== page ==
Study on the Weld-Bonding Process Optimization and Mechanical Performance of Aluminum Alloy Joints

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Study on the Weld‑Bonding Process Optimization and Mechanical Performance of Aluminum Alloy Joints Mingfeng Li1,2 · Yanjun Wang1 · Zhen Niu3 · Shanglu Yang1,4 Received: 31 March 2020 / Accepted: 29 June 2020 © China Society of Automotive Engineers (China SAE) 2020

Abstract The 5754 aluminum alloy has been widely used in the automotive industry to reduce the weight of vehicles. The weld-bonding (WB) process comprising resistance spot welding and adhesive bonding processes effectively improves the mechanical properties of joints. However, it is still a great challenge in the WB process to obtain high-quality and defect-free nuggets of aluminum alloys. In this study, the parameters of the WB process are optimized and the mechanism of generation of defects during WB is analyzed. The results show that the welding parameters have a significant effect on the nugget sizes, among which the welding current plays the most important role. The residual adhesive can easily cause defects during welding, e.g., expulsion and porosity in the nugget. This can be effectively avoided by optimizing the welding parameters. In addition, the gas in the joints is effectively reduced by adding an appropriate preheating pulse prior to welding, thus lowering the damage degree of the adhesive layer. As a result, welded joints with better weld nugget quality and more stable mechanical properties are obtained. Keywords  Aluminum alloy · Weld bonding · Process optimization · Mechanical performance Abbreviations ANOVA Analysis of variance BIW Body-in-white E/W Electrodes/workpieces RSW Resistance spot welding S/N Signal-to-noise ratio WB Weld bonding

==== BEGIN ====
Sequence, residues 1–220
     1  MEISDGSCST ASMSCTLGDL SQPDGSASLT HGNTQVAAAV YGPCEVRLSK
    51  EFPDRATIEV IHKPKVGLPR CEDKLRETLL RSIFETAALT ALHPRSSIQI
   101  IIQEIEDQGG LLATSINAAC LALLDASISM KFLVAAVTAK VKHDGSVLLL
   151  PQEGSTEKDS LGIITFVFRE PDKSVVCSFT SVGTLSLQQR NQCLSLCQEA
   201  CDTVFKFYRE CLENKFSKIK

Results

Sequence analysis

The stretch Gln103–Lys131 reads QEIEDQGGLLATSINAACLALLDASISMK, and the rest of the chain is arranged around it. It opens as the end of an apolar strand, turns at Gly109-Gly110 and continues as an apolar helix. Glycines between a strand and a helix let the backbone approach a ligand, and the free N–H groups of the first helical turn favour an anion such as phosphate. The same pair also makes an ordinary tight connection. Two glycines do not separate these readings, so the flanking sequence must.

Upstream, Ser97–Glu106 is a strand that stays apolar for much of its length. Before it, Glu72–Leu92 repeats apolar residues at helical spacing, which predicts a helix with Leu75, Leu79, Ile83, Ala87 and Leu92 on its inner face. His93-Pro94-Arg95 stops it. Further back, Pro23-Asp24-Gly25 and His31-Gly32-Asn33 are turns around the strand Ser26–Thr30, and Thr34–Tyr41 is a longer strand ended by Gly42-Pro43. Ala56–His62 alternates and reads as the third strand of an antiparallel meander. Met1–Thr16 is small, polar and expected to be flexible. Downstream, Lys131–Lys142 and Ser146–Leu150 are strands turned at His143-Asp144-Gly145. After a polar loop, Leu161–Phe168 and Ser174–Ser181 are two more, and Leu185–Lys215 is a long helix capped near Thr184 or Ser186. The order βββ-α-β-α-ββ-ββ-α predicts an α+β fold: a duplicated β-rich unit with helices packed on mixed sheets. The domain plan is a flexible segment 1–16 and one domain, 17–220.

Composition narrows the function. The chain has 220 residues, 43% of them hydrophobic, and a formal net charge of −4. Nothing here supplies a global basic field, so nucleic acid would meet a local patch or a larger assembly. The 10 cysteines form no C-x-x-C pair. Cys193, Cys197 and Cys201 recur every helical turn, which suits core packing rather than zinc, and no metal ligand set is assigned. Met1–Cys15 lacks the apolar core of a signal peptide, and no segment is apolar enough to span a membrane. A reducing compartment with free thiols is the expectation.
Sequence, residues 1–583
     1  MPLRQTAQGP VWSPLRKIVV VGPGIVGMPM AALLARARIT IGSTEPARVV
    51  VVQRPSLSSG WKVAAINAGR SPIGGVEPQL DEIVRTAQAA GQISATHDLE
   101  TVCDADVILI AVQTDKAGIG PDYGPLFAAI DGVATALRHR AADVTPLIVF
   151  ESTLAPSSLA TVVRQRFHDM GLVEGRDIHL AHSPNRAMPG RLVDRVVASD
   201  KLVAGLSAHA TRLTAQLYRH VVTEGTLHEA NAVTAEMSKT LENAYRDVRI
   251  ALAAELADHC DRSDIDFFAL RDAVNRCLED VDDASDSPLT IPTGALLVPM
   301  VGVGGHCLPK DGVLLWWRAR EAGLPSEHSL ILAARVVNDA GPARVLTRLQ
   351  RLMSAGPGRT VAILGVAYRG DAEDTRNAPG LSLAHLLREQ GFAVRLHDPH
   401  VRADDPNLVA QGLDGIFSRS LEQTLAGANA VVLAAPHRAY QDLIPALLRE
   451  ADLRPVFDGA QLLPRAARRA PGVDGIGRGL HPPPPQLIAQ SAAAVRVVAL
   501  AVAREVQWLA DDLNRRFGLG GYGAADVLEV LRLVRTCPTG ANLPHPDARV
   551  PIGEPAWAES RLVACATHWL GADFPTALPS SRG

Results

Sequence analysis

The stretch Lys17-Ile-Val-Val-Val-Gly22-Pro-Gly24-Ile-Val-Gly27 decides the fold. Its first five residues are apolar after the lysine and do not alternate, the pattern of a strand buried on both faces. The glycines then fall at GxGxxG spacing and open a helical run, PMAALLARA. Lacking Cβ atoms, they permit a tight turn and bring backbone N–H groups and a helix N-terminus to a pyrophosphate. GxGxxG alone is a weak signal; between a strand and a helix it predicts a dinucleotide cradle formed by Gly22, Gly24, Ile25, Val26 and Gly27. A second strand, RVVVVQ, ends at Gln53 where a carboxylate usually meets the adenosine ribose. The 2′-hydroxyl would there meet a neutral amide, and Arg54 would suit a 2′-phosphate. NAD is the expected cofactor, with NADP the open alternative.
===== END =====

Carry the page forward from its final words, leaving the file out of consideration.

1 Introduction Lightweight vehicles can effectively improve fuel efficiency, conserve energy, and reduce emissions. The use of a lightweight alloy is one of the most effective ways to reduce the * Shanglu Yang [email protected] 1

Shanghai Institute of Optics and Fine Mechanics, Chinese Academy of Sciences, Shanghai 201800, China


University of Chinese Academy of Sciences, Beijing 100049, China


Beijing Benz Automotive Co., Ltd, Beijing 100049, China


Center of Materials Science and Optoelectronics Engineering, University of Chinese Academy of Sciences, Beijing 100049, China

weight of vehicles [1–4]. Aluminum alloys are some of the most favored materials for body-in-white (BIW) production owing to their advantages, such as low density, high specific strength, good processability, and recyclability [5, 6]; these alloys mainly include non-heat-treatable 5 series aluminum alloys (Al–Mg) and heat-treatable 6 series aluminum alloys (Al–Mg–Si) [7], in which the former are commonly used for body structures and internal panels, e.g., 5754 [8], and the latter are used for inner and outer panels, bumpers, etc. [9]. Presently, many processes have been used to join automotive material parts [1, 4, 6, 10], e.g., resistance spot welding (RSW), laser welding, friction stir welding, self-piercing riveting, flow drill screws, and friction stir blind riveting. Of these, RSW is the most im

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